But Barron didn’t quit. After consulting Hoyle, her parents, and a few teachers, the Bridgewater resident decided to come out for the team. And she is happy she did.

“It brought back my love for basketball,” she said of her final season. “It helped us grow as a team. Yeah, I’m moving on to new things next year, but I’m always going to have them to fall back on. And I wouldn’t do anything to change it.

“The record doesn’t show it, but this is the best season of my high school career.”

The season was particularly tough for Driscoll, who as a player was part of three Old Colony League championship teams before graduating from Bridgewater-Raynham in 2004.


Loss after loss — by an average of 15.7 points — wore on her, with a 36-35 Dec. 11 loss to Quincy sticking out in particular.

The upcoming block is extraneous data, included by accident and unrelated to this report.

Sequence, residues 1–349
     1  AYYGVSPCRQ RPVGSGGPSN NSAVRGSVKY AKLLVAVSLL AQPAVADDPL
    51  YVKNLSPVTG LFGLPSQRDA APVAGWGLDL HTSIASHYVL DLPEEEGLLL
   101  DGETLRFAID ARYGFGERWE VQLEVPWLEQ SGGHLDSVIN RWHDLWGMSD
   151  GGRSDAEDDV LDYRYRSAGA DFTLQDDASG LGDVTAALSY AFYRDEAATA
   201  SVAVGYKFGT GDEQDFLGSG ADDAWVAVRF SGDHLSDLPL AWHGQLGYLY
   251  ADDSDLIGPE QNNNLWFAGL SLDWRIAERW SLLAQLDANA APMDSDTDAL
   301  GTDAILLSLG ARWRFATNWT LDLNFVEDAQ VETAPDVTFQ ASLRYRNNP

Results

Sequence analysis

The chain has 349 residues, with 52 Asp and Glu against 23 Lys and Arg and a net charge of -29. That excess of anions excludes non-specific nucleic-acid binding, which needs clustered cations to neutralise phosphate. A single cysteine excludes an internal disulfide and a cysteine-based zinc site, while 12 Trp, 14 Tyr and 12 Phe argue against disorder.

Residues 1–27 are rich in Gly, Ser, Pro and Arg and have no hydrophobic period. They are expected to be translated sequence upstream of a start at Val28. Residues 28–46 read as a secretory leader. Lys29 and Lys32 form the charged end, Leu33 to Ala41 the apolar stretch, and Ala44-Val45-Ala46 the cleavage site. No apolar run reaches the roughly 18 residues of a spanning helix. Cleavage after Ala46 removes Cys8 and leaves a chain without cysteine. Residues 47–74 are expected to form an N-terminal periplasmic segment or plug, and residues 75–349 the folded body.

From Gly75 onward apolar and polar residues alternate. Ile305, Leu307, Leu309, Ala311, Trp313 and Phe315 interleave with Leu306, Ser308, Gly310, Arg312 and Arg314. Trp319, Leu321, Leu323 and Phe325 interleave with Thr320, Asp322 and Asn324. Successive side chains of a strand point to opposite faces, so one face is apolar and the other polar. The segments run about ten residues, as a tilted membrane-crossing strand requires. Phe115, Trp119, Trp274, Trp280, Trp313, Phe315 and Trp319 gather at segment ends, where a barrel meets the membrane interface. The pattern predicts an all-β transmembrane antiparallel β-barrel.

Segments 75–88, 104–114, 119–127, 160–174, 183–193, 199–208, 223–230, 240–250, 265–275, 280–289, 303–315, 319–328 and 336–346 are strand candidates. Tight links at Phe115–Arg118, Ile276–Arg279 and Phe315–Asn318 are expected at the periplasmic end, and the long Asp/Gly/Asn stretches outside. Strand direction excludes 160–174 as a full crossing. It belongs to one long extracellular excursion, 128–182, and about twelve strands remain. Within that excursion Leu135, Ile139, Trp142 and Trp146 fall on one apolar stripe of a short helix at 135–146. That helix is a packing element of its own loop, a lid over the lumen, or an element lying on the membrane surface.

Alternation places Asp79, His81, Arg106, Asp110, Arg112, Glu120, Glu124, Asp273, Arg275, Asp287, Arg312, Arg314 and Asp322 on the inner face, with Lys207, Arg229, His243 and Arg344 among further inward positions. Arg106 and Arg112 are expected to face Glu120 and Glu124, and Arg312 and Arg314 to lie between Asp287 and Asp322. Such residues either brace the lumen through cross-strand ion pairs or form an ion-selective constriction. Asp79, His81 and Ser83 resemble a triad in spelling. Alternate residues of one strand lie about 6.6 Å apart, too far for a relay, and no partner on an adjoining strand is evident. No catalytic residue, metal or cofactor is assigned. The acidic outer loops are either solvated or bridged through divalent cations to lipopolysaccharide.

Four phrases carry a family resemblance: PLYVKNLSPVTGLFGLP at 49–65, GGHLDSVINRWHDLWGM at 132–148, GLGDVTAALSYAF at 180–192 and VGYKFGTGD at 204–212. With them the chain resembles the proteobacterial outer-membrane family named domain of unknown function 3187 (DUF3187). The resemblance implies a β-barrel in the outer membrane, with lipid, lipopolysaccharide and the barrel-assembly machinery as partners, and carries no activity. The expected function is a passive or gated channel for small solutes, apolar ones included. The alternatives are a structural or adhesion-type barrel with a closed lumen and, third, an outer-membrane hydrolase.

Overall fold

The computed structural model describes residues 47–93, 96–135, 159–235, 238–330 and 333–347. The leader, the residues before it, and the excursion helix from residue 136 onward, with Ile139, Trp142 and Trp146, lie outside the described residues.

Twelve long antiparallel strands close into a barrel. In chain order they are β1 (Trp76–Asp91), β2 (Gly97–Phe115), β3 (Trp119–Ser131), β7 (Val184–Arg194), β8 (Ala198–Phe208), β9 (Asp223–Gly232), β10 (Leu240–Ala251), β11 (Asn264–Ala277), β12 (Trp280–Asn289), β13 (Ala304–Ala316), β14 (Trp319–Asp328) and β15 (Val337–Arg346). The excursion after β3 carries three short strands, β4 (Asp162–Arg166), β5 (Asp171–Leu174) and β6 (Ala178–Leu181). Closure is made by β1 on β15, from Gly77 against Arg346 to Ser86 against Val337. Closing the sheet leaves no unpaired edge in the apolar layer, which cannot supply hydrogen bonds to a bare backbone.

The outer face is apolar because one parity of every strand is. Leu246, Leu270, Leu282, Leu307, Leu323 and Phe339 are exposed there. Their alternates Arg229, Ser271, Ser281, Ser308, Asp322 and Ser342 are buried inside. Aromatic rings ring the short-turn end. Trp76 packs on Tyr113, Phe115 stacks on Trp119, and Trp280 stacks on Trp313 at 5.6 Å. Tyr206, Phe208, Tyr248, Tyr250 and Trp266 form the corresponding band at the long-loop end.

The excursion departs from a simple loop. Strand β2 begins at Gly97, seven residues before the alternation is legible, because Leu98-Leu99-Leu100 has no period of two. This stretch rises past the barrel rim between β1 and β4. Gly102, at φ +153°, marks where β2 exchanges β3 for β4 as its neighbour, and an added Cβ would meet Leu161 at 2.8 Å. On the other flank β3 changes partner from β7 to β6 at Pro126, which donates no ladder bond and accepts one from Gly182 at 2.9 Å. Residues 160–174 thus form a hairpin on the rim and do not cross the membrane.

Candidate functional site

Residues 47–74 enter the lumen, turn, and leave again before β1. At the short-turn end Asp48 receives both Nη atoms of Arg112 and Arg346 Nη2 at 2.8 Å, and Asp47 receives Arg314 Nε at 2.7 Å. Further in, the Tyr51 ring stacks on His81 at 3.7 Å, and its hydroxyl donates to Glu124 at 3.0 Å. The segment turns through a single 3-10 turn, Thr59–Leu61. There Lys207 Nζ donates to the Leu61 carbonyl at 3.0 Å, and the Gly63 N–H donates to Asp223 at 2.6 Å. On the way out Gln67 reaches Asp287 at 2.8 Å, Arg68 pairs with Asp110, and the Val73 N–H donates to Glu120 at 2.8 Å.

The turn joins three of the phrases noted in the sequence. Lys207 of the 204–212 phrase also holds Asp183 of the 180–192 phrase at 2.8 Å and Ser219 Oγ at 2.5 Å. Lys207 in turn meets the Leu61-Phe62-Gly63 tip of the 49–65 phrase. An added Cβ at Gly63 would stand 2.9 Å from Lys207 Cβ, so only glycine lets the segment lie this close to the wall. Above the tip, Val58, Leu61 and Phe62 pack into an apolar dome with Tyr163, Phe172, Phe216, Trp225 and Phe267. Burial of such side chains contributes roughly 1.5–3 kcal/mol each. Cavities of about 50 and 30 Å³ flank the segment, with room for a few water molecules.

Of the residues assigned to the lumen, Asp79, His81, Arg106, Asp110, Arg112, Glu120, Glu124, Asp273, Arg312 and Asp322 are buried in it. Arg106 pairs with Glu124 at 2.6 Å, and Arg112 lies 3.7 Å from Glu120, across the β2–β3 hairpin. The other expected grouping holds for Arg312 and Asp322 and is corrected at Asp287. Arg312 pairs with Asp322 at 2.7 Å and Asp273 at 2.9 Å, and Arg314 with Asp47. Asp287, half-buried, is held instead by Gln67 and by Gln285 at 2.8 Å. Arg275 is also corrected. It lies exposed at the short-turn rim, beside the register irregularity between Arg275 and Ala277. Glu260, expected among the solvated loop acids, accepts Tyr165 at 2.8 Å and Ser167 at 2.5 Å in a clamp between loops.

For Driscoll, who sees potential in a talented sophomore class, the players’ effort and consistently upbeat attitude benefited all.

“It is hard to go 10 games in and not have any wins, and the fact that they came to practice every day and still worked really hard — that says something about them and what they wanted to do,” Driscoll said. “Sometimes it’s hard not to hang your head after a game, but they came every day and they looked forward.

“They know I have a deep-rooted pride at B-R, and I wanted this to be about a family. Wins or losses, we were going to stick together. That’s one of the things I’m really proud of.”

It was a similar story line at South Shore Voke, where 10-year veteran Joe Marani is at the helm.

At one point in his his tenure, South Shore made the state tournament six times in seven years, but of late the program has fallen on harder times. The team is 0 for the last three years, racking up 56 straight losses.

“Nobody likes to go through this,” Marani said. “Nobody. Nobody. On the other hand, I think there’s a real sense of maturity that says, ‘Well, yeah, we can handle this. We have to figure out how to beat it.’ ”